Welcome to the official site for information about Paul Hostovsky and his poetry.

Is That What That Is, by Paul Hostovsky"This new Hostovsky book is such a pleasure. Poems like "Repair" and "The Calculus" and "Deaf Bachelor Party" just knocked my socks off. Here's hoping it makes a big splash, as it certainly should. I thought I'd grasped that angsty, getting-older scene, yet never did I breathe its pure serene (apologies to Keats here) till Paul Hostovsky swam into my ken. Then felt I that all those other reliable reporters from the battlefield of being middle-aged in America-the Hoaglands and Hallidays, the Collinses and Padgetts- should step aside and make way for Hostovsky!" —George Bilgere

> Read three poems from Is That What That Is

Hurt Into Beauty by Paul Hostovsky

"In poems funny and wise, playful and sad, carnal and spiritual, locker-room casual and master-class artful, Paul Hostovsky names friends, enemies, writers, lovers, gentleman plumbers, and many others. In the process, he names the paradoxes and complexities that define us all. These poems “smile at you through the pain,” and you smile back in painful recognition. This book—maybe Hostovsky’s best yet—not only names names, it kicks ass." —Eric Nelson

> Read three poems from Naming Names

Hurt Into Beauty by Paul Hostovsky

"In his fourth full-length collection of poetry, Paul Hostovsky offers up the kind of fare that his readers keep coming back for--the humor mixed with poignancy, the heartbreak lined with a kind of palliative existential mischief--in poems that explore the nature of pain, illness, beauty, childhood, Deaf people and sign language, the art of love and the art of poetry." —FutureCycle Press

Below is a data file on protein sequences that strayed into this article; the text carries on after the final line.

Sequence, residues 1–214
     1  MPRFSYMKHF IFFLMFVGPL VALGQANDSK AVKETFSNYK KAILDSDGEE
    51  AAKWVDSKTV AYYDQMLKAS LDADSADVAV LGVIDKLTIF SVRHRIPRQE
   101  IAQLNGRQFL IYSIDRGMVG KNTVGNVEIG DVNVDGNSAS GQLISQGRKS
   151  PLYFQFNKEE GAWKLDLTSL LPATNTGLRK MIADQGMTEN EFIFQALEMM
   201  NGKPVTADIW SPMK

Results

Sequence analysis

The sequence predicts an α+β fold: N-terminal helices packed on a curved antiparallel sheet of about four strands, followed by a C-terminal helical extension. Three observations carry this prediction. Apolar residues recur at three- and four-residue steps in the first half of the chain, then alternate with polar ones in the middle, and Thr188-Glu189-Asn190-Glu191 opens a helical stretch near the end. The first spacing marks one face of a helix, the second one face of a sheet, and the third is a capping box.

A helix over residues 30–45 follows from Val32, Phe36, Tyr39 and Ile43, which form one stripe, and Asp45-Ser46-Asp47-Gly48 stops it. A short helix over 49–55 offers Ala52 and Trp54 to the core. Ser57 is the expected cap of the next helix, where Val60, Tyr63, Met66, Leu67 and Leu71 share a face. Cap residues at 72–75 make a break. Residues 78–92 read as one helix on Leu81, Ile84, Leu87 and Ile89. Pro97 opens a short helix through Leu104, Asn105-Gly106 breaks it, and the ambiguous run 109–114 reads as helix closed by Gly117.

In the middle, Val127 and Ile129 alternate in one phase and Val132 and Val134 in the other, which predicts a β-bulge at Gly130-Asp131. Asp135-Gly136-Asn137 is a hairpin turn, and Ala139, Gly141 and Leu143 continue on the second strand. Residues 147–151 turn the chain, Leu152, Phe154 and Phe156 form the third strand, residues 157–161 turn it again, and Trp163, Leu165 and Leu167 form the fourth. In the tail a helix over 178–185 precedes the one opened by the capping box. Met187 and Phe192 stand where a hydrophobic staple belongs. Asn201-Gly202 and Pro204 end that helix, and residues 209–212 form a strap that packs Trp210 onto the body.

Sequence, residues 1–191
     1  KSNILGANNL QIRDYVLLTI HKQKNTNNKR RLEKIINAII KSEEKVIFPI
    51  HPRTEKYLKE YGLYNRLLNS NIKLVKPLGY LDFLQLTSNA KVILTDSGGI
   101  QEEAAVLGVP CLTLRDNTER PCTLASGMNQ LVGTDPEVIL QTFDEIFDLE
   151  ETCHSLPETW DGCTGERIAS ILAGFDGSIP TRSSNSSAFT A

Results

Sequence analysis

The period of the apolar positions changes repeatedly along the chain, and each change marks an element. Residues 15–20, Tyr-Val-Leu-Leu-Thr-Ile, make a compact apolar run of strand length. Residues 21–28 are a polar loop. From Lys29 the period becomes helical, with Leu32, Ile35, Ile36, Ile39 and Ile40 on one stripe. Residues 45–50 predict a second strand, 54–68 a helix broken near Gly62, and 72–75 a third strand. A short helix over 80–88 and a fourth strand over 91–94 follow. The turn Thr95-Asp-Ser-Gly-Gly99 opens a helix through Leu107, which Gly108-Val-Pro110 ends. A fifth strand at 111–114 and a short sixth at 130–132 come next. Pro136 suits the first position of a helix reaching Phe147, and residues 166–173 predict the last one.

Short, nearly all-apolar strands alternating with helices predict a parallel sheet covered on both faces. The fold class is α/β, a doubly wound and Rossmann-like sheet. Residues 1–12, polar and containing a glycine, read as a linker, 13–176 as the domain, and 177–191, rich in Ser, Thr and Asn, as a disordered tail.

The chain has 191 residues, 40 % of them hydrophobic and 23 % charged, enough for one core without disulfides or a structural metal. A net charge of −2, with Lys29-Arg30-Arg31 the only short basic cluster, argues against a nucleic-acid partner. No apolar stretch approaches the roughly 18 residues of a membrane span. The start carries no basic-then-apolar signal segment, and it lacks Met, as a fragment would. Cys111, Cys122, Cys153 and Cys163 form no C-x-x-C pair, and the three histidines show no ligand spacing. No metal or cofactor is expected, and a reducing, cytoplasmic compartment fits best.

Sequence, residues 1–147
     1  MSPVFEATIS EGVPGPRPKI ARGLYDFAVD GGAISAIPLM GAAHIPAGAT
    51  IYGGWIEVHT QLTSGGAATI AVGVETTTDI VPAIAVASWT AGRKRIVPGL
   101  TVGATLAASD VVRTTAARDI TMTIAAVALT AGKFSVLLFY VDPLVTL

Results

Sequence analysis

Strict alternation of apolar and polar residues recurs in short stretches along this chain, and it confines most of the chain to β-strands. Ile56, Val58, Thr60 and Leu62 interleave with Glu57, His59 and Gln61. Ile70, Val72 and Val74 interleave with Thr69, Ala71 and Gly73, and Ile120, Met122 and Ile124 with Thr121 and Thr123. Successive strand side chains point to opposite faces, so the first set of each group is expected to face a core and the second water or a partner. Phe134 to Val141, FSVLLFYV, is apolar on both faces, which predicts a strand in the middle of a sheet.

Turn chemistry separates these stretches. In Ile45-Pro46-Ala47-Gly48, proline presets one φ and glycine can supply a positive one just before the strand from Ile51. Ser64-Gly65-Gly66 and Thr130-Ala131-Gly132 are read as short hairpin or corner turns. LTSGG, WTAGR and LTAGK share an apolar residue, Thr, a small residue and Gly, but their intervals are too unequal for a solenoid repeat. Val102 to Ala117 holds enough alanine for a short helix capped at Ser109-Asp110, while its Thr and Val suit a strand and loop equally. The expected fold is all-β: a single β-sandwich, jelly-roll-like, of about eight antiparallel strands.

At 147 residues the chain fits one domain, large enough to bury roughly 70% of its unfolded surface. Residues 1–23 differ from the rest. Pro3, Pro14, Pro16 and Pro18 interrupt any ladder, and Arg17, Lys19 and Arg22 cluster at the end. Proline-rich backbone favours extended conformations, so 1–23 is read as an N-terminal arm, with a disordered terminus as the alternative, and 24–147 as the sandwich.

> Read three poems from Hurt Into Beauty

The Pushcart Prize XXXIIIPaul's poem "Dream" was selected for inclusion in The Pushcart Prize XXXIII.

> Click here to read "Dream."

Bending The Notes, by Paul Hostovsky"Paul Celan said that attentiveness is the common prayer of the human soul. Focus, the noticing of things not usually noticed, is a kind of prayer. Hostovsky's poems strike me as kinds of (non-religious) prayers—of joy, of grief, of praise, of pain, of a blind man reading a braille book with it closed on his hand, but mostly prayers as a form of gratitude, a kind of thank you, thank you, Life! This really is a wonderful book."
—Thomas Lux

> Read three poems from Bending the Notes

Dear Truth by Paul Hostovsky "Although the title poem is a sort of Dear John letter to Truth, the book itself is, in fact, dedicated to truth on a larger scale: the expansive and various truth of the imagination. In these touching, finely crafted, and often funny poems, Hostovsky remains true to his lively and inquisitive vision of the world, to beauty, joy, pain, and grief, always displaying a love of language that is contagious and invigorating."
—Jeffrey Harrison

> Read three poems from Dear Truth